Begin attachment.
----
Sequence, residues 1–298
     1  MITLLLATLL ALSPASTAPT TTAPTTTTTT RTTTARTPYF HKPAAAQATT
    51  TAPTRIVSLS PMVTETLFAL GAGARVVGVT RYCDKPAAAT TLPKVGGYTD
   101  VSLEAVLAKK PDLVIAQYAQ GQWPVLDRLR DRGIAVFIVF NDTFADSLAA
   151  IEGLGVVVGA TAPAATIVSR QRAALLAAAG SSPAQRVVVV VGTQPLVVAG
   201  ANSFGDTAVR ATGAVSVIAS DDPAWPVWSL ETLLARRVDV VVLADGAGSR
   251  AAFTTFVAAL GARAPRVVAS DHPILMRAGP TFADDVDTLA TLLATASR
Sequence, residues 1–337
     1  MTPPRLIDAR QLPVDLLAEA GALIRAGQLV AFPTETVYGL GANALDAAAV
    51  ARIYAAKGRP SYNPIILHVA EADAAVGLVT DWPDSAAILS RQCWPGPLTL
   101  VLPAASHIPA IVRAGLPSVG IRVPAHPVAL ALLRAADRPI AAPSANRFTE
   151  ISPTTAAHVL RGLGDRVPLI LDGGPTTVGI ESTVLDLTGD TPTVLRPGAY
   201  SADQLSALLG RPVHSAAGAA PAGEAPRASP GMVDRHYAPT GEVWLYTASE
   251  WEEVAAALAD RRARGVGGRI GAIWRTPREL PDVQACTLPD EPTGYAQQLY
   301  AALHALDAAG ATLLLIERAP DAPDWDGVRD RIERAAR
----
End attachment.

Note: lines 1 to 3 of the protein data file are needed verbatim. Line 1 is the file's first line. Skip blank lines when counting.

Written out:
Sequence, residues 1–298
     1  MITLLLATLL ALSPASTAPT TTAPTTTTTT RTTTARTPYF HKPAAAQATT
    51  TAPTRIVSLS PMVTETLFAL GAGARVVGVT RYCDKPAAAT TLPKVGGYTD